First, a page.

Buying shares in your MP…

Thanks to Alan for this. It’s a website that sells fantasy shares in Westminster MPs. According to Alan the current values of prominent local MPs sit at: Adams £5, Paisley £4.94, Trimble £4.80 and Mallon £4.80. mmm, not between them. Though Gerry does well for never actually turning up! Currently Tony Blair is worth £45!

  • Occasional Commenter

    What drives these prices? Shares are usually priced by what the market thinks is the likely size of future dividends. What are the dividends in this case? Is it based on how they do at the election?

    Does this mean that the market, in this case, thinks that Paisley is more likely to lose his seat than Adams?

  • PS

    Surely Mallon would be a poor investment at £4.80 considering all evidence points towards an SDLP liquidation in Newry and Armagh come May 5th!

  • Will

    Occasional Commenter
    It could be run a little like the BBC ‘Celebdaq’ where the prices are driven by press coverage of that particular individual in the last week.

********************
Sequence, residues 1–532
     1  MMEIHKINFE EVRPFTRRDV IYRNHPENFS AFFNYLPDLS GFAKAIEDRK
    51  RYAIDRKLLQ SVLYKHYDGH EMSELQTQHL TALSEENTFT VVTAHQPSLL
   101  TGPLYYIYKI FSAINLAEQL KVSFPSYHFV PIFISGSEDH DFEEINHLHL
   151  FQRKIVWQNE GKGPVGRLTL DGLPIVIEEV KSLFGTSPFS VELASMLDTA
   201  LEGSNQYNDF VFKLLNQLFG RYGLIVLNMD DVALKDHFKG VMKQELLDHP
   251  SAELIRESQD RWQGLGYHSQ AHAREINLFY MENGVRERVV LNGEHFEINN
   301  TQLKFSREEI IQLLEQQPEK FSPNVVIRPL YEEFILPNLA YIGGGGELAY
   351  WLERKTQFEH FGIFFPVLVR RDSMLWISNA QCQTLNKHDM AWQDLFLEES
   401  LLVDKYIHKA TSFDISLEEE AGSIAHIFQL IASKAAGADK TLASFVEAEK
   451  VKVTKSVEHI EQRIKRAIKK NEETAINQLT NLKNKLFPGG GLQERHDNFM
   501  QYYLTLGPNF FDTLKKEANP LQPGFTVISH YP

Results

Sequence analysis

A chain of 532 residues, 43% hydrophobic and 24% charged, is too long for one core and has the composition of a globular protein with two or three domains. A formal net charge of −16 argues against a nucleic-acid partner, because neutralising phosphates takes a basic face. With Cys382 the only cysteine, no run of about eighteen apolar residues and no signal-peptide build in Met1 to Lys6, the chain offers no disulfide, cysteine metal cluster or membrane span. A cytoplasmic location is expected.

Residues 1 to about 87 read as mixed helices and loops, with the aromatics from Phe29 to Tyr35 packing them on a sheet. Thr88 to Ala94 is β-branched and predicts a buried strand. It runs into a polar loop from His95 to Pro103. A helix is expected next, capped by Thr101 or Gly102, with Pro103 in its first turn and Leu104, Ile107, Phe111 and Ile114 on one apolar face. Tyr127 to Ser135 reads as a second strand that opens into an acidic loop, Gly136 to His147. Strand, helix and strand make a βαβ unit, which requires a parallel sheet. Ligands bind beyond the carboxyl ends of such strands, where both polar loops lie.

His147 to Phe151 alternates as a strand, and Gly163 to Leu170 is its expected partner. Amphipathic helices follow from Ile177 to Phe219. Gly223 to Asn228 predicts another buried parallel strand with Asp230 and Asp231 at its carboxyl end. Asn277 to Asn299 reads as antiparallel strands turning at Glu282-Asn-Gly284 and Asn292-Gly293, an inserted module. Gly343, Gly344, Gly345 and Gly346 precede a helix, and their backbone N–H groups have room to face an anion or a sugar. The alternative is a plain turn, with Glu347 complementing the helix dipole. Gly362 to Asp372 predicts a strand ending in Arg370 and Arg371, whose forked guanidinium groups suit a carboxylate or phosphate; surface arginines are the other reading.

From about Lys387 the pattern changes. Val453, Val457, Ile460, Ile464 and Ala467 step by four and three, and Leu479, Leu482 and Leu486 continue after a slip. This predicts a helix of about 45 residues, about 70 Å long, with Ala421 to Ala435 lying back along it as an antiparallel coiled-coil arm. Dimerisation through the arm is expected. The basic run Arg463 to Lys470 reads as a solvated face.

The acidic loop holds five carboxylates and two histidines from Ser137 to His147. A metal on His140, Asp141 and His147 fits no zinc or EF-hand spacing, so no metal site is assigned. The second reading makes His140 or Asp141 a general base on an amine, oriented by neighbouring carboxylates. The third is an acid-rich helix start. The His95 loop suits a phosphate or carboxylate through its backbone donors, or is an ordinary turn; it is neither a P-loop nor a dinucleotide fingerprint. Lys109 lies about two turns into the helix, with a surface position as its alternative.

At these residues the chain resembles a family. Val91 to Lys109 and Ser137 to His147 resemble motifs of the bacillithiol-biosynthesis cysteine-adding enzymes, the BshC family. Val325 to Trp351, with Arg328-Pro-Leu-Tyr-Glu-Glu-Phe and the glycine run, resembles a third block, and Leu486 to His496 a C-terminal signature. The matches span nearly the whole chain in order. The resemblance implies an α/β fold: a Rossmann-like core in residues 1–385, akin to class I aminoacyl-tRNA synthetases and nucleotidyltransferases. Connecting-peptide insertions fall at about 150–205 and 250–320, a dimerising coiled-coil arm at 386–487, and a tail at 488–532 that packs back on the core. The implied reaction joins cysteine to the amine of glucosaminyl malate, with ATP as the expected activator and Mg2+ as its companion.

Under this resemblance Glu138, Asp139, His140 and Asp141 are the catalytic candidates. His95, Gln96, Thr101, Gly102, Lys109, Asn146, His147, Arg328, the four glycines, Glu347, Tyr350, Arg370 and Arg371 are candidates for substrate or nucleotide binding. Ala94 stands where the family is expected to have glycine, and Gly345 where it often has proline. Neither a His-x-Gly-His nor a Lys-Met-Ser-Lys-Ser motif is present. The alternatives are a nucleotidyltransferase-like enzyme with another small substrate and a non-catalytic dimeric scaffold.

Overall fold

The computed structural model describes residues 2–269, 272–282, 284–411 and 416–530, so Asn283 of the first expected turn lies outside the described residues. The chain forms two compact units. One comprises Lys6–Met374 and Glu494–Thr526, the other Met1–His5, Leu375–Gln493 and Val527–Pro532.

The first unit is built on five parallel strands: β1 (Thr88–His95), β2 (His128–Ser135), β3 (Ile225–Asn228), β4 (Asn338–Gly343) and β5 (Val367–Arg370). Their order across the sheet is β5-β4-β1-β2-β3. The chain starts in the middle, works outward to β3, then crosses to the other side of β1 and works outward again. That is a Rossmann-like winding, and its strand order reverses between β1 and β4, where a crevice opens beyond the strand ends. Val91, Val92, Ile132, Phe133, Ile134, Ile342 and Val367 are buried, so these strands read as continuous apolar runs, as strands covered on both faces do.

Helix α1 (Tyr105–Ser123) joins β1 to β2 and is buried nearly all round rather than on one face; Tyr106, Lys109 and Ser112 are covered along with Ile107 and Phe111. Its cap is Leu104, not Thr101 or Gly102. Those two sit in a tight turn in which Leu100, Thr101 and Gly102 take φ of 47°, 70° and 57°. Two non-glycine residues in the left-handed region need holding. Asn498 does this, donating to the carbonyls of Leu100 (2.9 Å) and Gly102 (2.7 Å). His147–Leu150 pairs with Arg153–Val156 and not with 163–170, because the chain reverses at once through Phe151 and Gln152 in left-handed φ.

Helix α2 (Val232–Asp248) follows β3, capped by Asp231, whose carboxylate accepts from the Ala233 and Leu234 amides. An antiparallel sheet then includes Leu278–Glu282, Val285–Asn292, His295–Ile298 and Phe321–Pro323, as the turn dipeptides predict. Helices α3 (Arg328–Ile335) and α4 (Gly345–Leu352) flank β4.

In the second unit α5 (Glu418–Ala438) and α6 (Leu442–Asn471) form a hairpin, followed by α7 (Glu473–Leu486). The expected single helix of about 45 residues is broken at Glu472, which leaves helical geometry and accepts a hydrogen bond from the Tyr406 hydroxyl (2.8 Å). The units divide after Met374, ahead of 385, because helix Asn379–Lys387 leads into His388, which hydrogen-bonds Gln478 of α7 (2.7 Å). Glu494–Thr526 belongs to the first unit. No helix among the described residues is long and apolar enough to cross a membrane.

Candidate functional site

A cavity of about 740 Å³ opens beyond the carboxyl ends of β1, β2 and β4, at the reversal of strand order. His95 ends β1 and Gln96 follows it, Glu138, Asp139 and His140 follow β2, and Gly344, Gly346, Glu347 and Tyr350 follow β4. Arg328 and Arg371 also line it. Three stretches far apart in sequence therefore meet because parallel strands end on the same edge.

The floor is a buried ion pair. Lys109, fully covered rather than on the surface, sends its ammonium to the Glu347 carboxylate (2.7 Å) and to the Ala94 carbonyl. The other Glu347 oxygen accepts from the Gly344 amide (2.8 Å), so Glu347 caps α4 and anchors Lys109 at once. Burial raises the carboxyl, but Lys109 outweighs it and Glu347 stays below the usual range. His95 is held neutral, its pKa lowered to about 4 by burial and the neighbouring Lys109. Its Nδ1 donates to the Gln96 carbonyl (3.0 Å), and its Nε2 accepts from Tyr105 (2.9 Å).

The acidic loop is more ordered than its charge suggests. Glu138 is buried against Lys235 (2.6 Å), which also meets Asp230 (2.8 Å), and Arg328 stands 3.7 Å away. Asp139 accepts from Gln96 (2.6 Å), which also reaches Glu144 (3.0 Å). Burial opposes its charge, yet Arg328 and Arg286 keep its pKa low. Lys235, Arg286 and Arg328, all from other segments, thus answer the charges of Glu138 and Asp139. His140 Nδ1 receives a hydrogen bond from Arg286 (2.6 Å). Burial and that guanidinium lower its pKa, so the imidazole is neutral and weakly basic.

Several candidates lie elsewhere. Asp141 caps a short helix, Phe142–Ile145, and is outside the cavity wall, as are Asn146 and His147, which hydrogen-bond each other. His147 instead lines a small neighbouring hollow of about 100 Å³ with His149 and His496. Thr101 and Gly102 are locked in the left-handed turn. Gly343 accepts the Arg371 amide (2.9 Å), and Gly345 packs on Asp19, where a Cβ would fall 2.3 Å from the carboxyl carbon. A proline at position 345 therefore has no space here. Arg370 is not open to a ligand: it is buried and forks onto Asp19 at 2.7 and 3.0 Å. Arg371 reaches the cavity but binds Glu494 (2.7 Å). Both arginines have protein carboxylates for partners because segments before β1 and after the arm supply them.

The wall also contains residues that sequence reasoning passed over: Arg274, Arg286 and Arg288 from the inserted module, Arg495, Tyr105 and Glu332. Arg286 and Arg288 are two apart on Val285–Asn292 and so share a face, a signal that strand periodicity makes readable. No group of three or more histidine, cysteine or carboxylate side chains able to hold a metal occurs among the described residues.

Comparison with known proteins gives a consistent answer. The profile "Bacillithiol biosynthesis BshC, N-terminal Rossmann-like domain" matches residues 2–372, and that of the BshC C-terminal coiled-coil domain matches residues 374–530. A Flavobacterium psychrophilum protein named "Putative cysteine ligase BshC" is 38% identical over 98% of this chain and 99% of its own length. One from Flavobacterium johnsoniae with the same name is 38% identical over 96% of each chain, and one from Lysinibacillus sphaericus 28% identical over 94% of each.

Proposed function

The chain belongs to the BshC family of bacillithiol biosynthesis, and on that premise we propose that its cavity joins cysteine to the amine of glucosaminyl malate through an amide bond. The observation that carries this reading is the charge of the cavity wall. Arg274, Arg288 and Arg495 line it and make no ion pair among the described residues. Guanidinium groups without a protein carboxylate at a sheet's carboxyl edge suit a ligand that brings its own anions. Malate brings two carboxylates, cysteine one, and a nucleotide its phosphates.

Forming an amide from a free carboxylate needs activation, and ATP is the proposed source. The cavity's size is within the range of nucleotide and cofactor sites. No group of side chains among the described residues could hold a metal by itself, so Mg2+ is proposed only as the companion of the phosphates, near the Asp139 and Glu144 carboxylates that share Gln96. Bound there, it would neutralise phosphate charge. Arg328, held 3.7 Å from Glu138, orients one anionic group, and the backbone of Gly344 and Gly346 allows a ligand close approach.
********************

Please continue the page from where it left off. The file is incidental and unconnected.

Obviously there would need to be an effect for electoral performance too.

    Might have a look at this for a laugh

  • smcgiff

    ‘Shares are usually priced by what the market thinks is the likely size of future dividends.’

    Jaysus, don’t tell me they’re still teaching that one! Even pension fund managers take more stock (pardon the pun) on expected capital value. Hence they invest in company’s like (snigger) Elan who haven’t issued a dividend in donkeys. Er, sorry for this rant.

  • Jimmy Sands

    They still have Mandelson as an MP.

  • Jimmy Sands

    They still have Mandelson as an MP.

  • factfinder

    Should their wages not match the share prices.

  • Occasional Commenter

    smcgiff, I agree entirely. The most obvious example I can think of is Microsoft, who didn’t pay any dividend at all until last year.

    I asked the wrong question. Will’s comment that there might be a dividend based on column inches is exactly what I was looking for.

    This might explain Mallon’s price, because he would get a lot of column inches, win or lose.

    There still needs to be some reason to own a share (MP or company), whether it’s a dividend, or the thought that you, or others, might want to take it private to extract the capital at some point in the future.

    If there was never any such possibility to extract real value from the share, then all shares prices should go to zero sooner or later, perhaps after a boom and bust like the insanity that drove the dot-com shares.